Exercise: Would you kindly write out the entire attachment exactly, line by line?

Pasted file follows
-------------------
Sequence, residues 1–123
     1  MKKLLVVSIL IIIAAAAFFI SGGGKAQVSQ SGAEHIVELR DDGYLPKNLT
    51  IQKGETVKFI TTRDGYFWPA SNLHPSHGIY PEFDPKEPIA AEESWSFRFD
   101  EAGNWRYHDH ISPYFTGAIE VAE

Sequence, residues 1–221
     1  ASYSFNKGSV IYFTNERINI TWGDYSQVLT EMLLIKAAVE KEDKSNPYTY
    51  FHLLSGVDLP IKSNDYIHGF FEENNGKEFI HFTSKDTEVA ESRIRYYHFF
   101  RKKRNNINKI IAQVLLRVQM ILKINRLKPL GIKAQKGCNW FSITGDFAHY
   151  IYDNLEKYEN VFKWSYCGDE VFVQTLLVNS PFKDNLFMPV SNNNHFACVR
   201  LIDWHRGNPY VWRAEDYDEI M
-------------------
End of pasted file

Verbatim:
Sequence, residues 1–123
     1  MKKLLVVSIL IIIAAAAFFI SGGGKAQVSQ SGAEHIVELR DDGYLPKNLT
    51  IQKGETVKFI TTRDGYFWPA SNLHPSHGIY PEFDPKEPIA AEESWSFRFD
   101  EAGNWRYHDH ISPYFTGAIE VAE

Sequence, residues 1–221
     1  ASYSFNKGSV IYFTNERINI TWGDYSQVLT EMLLIKAAVE KEDKSNPYTY
    51  FHLLSGVDLP IKSNDYIHGF FEENNGKEFI HFTSKDTEVA ESRIRYYHFF
   101  RKKRNNINKI IAQVLLRVQM ILKINRLKPL GIKAQKGCNW FSITGDFAHY
   151  IYDNLEKYEN VFKWSYCGDE VFVQTLLVNS PFKDNLFMPV SNNNHFACVR
   201  LIDWHRGNPY VWRAEDYDEI M